Clubhouse: Love it or Hate it? Is this Social Media App the Future of Communication?
Clubhouse, the voice-only, chat-based social media app is getting bigger as we speak—if you haven’t heard of it yet, where have you been? It’s essentially a platform filled with hundreds of different “rooms” in which every subject under the sun is being talked about by people including moderators, speakers and an audience wanting to learn, listen and share.
The experience makes users of the app feel like they are sitting in someone’s living room, conversing about everyday things in life, or meeting like-minded individuals eager to make a stand for world issues they feel strongly about. And doing it with the whole world at that.
It also doesn’t hurt that world-famous personalities including Oprah Winfrey and Elon Musk have been known to “drop in” for a chat and visit.
When I started using Clubhouse, I was encouraged by a friend to share about finding happiness in life. I nervously joined rooms in the evenings while lying in bed (breaking my cardinal rule of no tech usage in bed). I learned, listened and started to volunteer to speak, and, truth be told, it was quite liberating!
No one judging what you look like or where you come from (there’s no camera function and therefore no video visual on the app)—just listening to your voice. It fulfils an introvert’s dream of being able to speak up while retaining some level of anonymity, as well as an extrovert’s desire to connect with others in the middle of a pandemic.
The way in which we are closing the gaps in human interaction with digital technology can be amazing yet frightening. It’s amazing because I feel so connected to some speakers who are frequently in the same rooms as I am, but frightening at the same time because I can’t put a face to them. It’s as if I’m speaking to a room full of nameless/faceless voices that can very often be inspiring and wonderful to listen to. Is this the future, and will we continue to adapt to this mode of communication?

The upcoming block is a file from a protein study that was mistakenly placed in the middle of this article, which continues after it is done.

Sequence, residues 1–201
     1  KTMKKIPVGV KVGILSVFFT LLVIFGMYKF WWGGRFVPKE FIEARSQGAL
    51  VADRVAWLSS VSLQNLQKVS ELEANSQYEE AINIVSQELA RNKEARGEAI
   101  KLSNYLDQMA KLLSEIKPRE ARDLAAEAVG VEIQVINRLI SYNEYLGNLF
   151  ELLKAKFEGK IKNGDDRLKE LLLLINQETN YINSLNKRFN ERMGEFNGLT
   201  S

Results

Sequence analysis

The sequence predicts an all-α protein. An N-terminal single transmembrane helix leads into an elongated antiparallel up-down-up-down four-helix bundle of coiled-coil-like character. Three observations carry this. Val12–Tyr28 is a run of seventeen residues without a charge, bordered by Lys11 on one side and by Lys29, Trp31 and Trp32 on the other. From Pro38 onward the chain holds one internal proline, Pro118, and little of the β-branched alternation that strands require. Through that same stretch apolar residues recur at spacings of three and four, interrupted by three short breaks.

Learning when to log off
I was recently in a morning Clubhouse room, and the topic of the hour was finding balance between motherhood and work. This room happened to be small and intimate, and the speakers were all in the United States. We had friendly introductions and, 45 minutes later, it was like sitting down with my close girlfriends chatting and sharing advice.
I was caught up in the conversation, and at some point, I realised I needed to leave the chat and get started on my day—it was 11am here and not 11pm, as it was in the US then. It felt a little awkward and I didn’t want to appear rude, so I politely said my goodbyes and closed the app. It is hard not to fall into the trap of going on and on with the conversation and letting the hours go by.
Why Clubhouse works
The pandemic has changed many parts of our lives, and one of the good things that came out of it was that it cultivated the spirit of helping, encouraging and supporting one another. Hence the sprouting of happy quotes on everyone’s Instagram feed. In the same vein, I think apps like Clubhouse are great platforms for sharing troubles and opinions, helping out and listening to one another. They bring people from around the world, and every walk of life, together.
They also allow one to speak freely without having everyone “in the room” watching you, which is liberating for those who aren’t always comfortable with taking the podium and declaring their views. For those who are in a pandemic lockdown and facing decreased social interaction, such platforms provide a channel for connecting with others, and sharing thoughts—be they frustrations or opinions— from their living room.
Serving the need to be social
The need to understand the social media craze is important, especially when Clubhouse is now being valued at $4 billion. It’s amazing that such a shockingly simple app can make such a big impact by allowing people all over the world to speak their mind, and to converse with each other, without judgement.
At the same time, apps like Clubhouse can actually broaden your world view and bring positivity to your life. Personally, I prefer the old-school way of meeting and interacting with people, and getting to know a person. But with the world in its current state, Clubhouse definitely has a way of transcending barriers and bringing us closer than ever.
(Related: Prince Harry and Meghan Markle Have Reportedly Quit Social Media For Good)
Shireena Shroff Manchharam is a certified life and happiness coach with her own practice, Sheens Image Consulting. Her passion is in helping individuals reach their highest potential and she is always on a mission to bring happiness to people’s lives. Her husband and two kids—Lara and Arian—and her pet dog, Bowen, are her constant source of love and happiness.
This is the second in a series by Shireena Shroff Manchharam on mindfulness and gratitude.